The critical shortage of healthcare professionals is being exacerbated by delays in finding interns nationally.
Dr. Edward Ngwenya of the SA Medical Association (Sama) said the problem is an annual problem that affects the whole country.
The shortage of medical professionals came under scrutiny during a parliamentary debate last month. It turns out that in SA there is less than 1 doctor per 1,000 patients.
“It’s unfortunate,” Ngwenya said, adding that the doctor-patient relationship is getting bigger every year .
“It was also found that there are vacancies in all nine provinces.”
Sama said, the Covid-19 pandemic is not only affecting the general population, but many more healthcare professionals who are on the front lines fighting the disease.
“More than 1,000 workers in the Health services, some of which were doctors, were lost due to the pandemic.
“Sama also notes that medical skills have been removed from the Interior Ministry’s list of critical skills, which lists skills that are in short supply for work visas or permanent residency permits,” said Ngwenya.
He said that under the national state of emergency, the government and the national health ministry should have taken the opportunity to intensify efforts to fill vacancies and draw up mitigating plans. He said not enough has been done in this regard.
“Sama noted that the critical doctor shortage is a burden on practicing doctors as they are reaching their limits and are open to attacks and harassment. That doesn’t bode well for their physical and mental health.
“Sama recommends swift action in implementing the plans at the provincial and national levels.”
In conversation with Tumelo Mototoane by eNCA On Wednesday, Dr. Katlego Mothudi from the Board of Healthcare Funders, to ensure adequate healthcare, one must address the supply of healthcare workforce and the maintenance of the healthcare sector.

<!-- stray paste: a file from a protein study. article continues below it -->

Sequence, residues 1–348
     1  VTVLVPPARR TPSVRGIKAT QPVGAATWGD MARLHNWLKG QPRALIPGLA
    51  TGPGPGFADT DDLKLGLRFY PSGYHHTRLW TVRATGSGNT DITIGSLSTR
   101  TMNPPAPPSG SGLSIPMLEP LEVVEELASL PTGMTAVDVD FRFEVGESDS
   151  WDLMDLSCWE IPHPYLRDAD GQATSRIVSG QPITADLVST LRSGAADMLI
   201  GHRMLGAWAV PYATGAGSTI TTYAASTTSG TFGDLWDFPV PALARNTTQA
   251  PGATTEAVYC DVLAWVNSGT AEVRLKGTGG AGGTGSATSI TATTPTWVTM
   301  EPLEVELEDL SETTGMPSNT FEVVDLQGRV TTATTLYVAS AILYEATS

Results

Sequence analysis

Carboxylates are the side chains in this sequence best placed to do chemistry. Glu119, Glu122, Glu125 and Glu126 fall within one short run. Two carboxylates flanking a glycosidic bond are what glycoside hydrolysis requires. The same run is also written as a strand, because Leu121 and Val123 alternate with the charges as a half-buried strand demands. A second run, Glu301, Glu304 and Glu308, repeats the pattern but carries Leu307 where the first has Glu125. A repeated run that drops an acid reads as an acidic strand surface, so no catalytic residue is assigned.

“The reasons for the deficit are manifold. It is important to review health workforce deployment as we are talking about reforming the entire health sector in the context of universal health coverage,” he said.
Mothudi told the World Health Organization (WHO ) recommends that when looking at the quality of health services, you should look at the six pillars, one of which is the workforce.
He said the deficit is a global problem and not typical for SA or Africa, but domestic and WHO forecasts were worrying.
“By 2030 the deficit could decrease in some countries, but in SA and Africa it will increase. It is important to look at the supply side and sustaining the healthcare sector to ensure we have adequate healthcare service delivery,” he said.
According to “2030 Human Resources for Health Strategy predicted that unless urgent action is taken, there would be a shortage of approximately 34,000 registered nurses by 2025.
Mothudi said at the Looking at contribution dynamics: it could be argued that the population is increasing faster than healthcare workforce training, while there are also aging healthcare workers across the industry. Do we have a good pipeline from high school in terms of career guidance, quality of students coming through? Are we concentrating on math and health-related subjects?” he asked.
He said that health workers are an employment law matter and that countries need to ensure that qualified staff are employed, themselves comfortable and empowered there.< /p>
“When you look at the differences between the public and private sectors, it becomes worrying. We need to look at broader policies from a leadership perspective on how to prepare and people from an early age for the sector. span> span>
“The topics are also of an economic nature. Global migration is a problem and healthcare workers are drawn to other countries where they are treated better.”
Support independent journalism by using the Subscribe to Sunday Times. Just R20 for the first month.